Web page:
On August 5, 1780, Joshua Huddy received a privateer’s commission. Though best known for his exploits on land, Huddy also supported the revolutionary cause on water, attacking and seizing British ships both to hamper enemy operations and to earn the great sums of prize money awarded in exchange for the seized property. In his privateer’s commission, the Continental Congress authorized Huddy to “set forth…in a war-like manner” against the British in “the Armed boat called Black Snake.” Weighing in at a mere ten tons, with a single swivel gun and 14-man crew, the Black Snake was far below average size for an American privateering vessel, some of which could be as heavy as 500 tons, carry as many as 20 guns, and employ crews of 100 or more. How much success Huddy had with his “armed boat” is unknown; admiralty court records from the period, which would indicate his earnings, no longer exist. But his willingness to go up against the world’s greatest naval power with a single swivel gun speaks to his Patriot passion – or perhaps his foolhardy character.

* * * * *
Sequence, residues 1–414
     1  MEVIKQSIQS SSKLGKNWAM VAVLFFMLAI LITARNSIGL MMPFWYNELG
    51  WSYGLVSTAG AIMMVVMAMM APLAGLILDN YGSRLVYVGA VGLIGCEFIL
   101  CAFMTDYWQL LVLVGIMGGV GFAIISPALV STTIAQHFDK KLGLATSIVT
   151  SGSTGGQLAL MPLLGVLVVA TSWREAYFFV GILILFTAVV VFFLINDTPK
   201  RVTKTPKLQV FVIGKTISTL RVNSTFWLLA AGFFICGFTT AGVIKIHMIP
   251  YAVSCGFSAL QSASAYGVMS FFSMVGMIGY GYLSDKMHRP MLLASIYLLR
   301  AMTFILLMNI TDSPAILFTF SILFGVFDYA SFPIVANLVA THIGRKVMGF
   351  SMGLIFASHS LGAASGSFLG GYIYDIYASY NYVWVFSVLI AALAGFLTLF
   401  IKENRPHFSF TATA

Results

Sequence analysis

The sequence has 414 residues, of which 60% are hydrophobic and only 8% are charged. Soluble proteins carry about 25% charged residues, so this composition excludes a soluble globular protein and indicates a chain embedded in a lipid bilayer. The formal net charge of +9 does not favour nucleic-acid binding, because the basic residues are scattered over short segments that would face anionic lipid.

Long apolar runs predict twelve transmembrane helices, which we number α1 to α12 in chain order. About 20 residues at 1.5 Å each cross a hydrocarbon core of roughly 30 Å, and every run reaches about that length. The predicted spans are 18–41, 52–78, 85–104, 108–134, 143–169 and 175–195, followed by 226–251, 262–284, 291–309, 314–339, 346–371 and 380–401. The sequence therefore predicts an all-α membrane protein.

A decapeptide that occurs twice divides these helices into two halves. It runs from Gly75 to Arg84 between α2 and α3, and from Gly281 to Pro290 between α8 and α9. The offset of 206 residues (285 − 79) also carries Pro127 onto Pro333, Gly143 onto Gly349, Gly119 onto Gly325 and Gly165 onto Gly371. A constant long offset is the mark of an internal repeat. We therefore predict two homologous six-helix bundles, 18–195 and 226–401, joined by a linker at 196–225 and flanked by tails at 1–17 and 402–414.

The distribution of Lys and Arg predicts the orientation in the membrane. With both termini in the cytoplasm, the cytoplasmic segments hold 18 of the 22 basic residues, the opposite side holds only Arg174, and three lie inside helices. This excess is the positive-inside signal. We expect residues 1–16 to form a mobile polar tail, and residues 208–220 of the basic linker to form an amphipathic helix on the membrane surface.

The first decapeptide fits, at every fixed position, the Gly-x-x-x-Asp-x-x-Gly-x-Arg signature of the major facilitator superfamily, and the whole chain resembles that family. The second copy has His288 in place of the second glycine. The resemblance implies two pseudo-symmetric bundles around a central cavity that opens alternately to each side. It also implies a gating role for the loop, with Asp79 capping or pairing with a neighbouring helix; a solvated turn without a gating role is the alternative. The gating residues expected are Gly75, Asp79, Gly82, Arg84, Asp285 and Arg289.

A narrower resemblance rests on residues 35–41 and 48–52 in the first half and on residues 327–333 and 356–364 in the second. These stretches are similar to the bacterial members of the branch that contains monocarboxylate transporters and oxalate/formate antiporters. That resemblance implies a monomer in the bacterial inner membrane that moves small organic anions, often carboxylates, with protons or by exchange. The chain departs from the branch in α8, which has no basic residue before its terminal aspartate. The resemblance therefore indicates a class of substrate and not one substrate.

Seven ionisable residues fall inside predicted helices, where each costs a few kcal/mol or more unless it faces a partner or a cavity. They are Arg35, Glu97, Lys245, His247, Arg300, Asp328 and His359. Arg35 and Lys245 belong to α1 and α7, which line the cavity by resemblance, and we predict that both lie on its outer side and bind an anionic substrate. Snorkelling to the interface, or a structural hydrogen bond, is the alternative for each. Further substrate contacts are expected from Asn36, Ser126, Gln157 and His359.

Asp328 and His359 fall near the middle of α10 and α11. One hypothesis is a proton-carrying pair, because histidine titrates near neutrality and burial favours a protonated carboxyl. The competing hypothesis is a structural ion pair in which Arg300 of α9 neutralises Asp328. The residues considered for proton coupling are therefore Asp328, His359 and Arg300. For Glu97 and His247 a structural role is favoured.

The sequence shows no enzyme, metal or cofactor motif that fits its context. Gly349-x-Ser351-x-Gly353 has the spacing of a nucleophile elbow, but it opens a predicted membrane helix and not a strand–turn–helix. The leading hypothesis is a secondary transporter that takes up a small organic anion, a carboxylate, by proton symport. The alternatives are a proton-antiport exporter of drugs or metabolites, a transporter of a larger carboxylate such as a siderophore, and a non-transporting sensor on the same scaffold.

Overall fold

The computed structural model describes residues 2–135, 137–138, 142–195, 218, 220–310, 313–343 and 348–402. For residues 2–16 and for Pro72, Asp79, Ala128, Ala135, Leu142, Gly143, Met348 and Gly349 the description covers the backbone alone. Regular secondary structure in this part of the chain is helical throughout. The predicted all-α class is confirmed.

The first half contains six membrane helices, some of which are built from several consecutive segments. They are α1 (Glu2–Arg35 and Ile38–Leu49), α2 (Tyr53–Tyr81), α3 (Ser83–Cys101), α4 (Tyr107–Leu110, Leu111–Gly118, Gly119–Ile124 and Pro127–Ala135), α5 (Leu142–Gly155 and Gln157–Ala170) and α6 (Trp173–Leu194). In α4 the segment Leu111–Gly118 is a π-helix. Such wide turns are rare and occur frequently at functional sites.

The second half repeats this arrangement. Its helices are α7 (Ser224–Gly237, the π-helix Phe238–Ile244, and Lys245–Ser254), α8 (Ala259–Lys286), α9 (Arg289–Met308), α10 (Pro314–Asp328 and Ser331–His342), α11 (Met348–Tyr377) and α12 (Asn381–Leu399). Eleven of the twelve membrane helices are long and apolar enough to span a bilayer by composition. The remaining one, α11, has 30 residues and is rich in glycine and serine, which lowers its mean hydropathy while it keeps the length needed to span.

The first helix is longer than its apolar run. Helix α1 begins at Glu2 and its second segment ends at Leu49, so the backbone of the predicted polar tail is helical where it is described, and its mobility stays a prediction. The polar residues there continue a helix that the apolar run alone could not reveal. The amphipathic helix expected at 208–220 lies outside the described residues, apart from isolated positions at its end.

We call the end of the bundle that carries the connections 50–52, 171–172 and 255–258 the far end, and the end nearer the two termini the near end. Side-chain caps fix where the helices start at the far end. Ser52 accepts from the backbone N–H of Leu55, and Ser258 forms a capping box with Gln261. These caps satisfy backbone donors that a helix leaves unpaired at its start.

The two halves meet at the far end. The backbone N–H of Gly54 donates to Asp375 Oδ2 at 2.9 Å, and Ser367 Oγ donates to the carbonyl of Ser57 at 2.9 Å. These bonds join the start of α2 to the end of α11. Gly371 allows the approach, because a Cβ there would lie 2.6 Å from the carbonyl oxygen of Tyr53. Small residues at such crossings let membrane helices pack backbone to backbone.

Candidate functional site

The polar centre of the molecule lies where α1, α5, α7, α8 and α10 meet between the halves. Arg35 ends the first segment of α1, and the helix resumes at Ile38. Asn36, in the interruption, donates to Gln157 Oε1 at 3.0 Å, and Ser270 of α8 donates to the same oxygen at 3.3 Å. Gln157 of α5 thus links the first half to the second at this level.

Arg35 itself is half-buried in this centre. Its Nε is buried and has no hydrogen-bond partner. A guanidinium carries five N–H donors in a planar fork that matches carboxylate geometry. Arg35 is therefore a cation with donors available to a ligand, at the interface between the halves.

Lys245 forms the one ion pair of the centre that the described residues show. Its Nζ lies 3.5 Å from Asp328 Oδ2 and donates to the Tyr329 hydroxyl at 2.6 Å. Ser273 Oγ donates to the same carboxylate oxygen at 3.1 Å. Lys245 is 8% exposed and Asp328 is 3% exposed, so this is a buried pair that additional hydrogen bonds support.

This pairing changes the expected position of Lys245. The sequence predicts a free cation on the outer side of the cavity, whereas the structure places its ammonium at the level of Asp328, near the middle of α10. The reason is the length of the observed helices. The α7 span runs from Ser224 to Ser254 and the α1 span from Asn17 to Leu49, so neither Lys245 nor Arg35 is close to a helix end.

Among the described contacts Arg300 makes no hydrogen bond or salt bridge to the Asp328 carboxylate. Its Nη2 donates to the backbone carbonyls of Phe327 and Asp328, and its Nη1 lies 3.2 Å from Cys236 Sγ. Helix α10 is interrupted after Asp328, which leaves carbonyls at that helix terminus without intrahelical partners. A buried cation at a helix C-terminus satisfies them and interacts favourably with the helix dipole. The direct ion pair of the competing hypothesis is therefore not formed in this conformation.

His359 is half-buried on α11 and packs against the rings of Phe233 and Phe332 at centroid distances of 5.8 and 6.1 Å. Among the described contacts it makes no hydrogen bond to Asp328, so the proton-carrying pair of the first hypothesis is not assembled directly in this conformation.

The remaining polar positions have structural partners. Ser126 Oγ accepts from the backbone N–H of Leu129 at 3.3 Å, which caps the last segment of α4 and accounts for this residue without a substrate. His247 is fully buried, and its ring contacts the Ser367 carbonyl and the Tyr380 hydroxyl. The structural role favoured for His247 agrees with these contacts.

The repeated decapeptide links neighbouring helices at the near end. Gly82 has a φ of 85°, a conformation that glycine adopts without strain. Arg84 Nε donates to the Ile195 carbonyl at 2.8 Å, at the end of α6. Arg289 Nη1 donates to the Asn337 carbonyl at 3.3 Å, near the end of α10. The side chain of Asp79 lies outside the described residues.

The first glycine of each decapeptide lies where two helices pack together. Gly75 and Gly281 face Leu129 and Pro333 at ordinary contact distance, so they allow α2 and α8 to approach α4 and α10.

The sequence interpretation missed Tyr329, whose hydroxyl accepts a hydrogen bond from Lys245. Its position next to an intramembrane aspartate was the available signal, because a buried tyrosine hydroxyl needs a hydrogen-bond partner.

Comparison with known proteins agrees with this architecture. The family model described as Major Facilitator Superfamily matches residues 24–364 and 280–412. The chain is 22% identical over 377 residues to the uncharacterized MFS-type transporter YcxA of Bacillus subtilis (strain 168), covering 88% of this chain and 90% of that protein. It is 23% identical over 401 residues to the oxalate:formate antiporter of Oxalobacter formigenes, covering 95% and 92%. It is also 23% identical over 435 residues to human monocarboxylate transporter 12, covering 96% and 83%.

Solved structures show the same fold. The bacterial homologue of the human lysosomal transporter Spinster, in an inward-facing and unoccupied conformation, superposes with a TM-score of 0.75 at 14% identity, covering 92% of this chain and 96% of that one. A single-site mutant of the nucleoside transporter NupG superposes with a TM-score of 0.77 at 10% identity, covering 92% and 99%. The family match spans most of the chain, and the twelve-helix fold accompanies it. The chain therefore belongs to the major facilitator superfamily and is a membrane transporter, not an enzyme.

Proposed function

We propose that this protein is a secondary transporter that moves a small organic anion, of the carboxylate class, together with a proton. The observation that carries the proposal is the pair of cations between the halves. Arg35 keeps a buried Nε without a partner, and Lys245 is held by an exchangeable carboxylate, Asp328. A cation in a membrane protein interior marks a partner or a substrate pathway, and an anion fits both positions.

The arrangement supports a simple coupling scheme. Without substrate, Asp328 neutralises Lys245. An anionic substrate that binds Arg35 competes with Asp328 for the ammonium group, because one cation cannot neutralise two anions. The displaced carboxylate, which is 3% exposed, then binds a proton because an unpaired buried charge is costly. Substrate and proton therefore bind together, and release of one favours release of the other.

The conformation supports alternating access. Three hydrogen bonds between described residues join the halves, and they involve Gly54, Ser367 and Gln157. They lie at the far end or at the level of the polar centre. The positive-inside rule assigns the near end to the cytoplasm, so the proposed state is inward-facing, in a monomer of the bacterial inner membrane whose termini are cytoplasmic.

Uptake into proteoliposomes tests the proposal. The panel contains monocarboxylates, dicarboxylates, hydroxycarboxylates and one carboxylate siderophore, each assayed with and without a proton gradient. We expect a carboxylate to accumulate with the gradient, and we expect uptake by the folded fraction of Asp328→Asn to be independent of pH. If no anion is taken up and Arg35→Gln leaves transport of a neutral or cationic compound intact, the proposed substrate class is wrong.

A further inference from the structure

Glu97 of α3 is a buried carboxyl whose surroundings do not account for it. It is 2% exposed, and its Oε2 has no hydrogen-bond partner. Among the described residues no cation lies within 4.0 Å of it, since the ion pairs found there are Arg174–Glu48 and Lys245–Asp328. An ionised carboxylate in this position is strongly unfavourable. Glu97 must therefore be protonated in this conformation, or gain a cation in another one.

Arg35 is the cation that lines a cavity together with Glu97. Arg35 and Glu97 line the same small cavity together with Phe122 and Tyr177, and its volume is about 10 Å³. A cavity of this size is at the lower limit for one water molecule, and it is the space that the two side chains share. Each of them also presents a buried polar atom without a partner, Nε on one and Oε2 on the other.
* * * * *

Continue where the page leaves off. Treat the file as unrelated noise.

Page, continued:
Saretzky, Gary D. (2004). THE JOSHUA HUDDY ERA: Documents of the American Revolution. Catalog of the Exhibition at Monmouth County Library Headquarters, Manalapan, N.J. October, 2004; Revised November 2004. Produced by the Monmouth County Archives. Available: http://visitmonmouth.com/archives